Adjustable versus fixed rate loans
With a fixed-rate loan, your payment remains the same for the entire duration of your mortgage. The longer you pay, the more of your payment goes toward principal. The property tax and homeowners insurance which are almost always part of the payment will increase over time, but generally, payments on fixed rate loans change little over the life of the loan.
When you first take out a fixed-rate loan, the majority your payment is applied to interest. The amount applied to your principal amount goes up gradually every month.
Borrowers might choose a fixed-rate loan in order to lock in a low interest rate. People choose these types of loans because interest rates are low and they want to lock in the low rate. If you have an Adjustable Rate Mortgage (ARM) now, refinancing into a fixed-rate loan can offer greater monthly payment stability. If you have an Adjustable Rate Mortgage (ARM) now, we can help you lock in a fixed-rate at the best rate currently available. Call Halpern & Associates Mortgage Corporation at (305) 535-2230 for details.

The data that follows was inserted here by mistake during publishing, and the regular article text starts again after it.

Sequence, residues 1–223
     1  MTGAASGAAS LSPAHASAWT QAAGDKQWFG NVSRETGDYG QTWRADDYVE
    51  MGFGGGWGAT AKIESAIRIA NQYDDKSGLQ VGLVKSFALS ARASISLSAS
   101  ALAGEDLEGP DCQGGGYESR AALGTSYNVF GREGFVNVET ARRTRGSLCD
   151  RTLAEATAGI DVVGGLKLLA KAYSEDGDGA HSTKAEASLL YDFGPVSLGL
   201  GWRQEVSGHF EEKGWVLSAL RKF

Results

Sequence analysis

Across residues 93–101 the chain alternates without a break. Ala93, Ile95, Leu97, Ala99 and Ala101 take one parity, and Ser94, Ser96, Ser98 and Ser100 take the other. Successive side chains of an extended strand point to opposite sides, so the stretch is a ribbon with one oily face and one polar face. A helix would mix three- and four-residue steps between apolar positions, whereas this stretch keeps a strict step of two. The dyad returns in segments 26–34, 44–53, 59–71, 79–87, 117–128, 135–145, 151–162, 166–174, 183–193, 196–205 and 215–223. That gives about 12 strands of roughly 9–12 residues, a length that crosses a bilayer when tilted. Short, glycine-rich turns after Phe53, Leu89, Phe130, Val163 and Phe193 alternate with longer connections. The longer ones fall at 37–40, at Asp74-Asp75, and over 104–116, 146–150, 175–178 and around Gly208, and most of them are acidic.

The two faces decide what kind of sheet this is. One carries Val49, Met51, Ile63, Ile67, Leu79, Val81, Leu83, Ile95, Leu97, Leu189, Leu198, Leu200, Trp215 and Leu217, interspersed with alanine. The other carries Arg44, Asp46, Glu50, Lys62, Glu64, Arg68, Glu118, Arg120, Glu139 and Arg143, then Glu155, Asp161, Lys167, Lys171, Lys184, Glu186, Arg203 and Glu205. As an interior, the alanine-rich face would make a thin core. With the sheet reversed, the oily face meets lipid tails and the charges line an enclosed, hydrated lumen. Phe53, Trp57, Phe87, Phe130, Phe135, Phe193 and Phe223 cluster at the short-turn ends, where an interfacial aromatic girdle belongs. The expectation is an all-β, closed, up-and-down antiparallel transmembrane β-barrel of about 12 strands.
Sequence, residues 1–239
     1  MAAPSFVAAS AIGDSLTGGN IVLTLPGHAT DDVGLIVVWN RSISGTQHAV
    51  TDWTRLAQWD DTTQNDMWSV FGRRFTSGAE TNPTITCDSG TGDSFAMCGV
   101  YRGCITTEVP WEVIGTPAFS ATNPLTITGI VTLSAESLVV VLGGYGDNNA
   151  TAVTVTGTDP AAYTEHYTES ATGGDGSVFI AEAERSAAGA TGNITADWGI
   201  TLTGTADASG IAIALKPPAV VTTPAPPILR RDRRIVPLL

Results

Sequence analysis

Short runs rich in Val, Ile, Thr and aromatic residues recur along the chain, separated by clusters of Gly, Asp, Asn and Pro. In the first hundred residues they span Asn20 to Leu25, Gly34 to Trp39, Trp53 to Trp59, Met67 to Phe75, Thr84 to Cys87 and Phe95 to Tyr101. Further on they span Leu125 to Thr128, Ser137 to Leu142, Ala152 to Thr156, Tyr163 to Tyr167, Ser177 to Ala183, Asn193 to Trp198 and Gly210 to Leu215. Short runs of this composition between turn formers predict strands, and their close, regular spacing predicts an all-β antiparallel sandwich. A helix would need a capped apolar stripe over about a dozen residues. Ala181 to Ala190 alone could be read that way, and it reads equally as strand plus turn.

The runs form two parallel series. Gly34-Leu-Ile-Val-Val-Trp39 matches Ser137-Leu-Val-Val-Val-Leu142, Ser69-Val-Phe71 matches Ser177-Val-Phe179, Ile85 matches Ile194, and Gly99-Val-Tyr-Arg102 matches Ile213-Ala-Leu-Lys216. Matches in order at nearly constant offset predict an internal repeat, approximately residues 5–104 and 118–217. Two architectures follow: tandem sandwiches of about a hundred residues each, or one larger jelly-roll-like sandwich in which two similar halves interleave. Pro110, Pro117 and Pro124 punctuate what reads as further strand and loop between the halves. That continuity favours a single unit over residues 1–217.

Adjustable Rate Mortgages — ARMs, as we called them above — come in even more varieties. Generally, interest on ARMs are based on an outside index. A few of these are: the 6-month CD rate, the one-year rate on Treasure Securities, the Federal Home Loan Bank's 11th District Cost of Funds Index (COFI), or others.
Most programs feature a cap that protects you from sudden increases in monthly payments. There may be a cap on how much your interest rate can increase in one period. For example: no more than a couple percent a year, even though the index the rate is based on increases by more than two percent. Your loan may have a "payment cap" that instead of capping the interest directly, caps the amount that the monthly payment can increase in one period. Almost all ARMs also cap your interest rate over the duration of the loan period.
ARMs most often feature the lowest rates toward the start of the loan. They usually guarantee the lower rate from a month to ten years. You may hear people talking about "3/1 ARMs" or "5/1 ARMs". In these loans, the introductory rate is fixed for three or five years. After this period it adjusts every year. These loans are fixed for 3 or 5 years, then adjust after the initial period. Loans like this are often best for borrowers who anticipate moving within three or five years. These types of adjustable rate loans are best for borrowers who will move before the loan adjusts.
Most people who choose ARMs choose them because they want to take advantage of lower introductory rates and don't plan to stay in the home longer than the introductory low-rate period. ARMs can be risky when housing prices go down because homeowners could be stuck with rates that go up when they can't sell their home or refinance with a lower property value.
Have questions about mortgage loans? Call us at (305) 535-2230. It's our job to answer these questions and many others, so we're happy to help!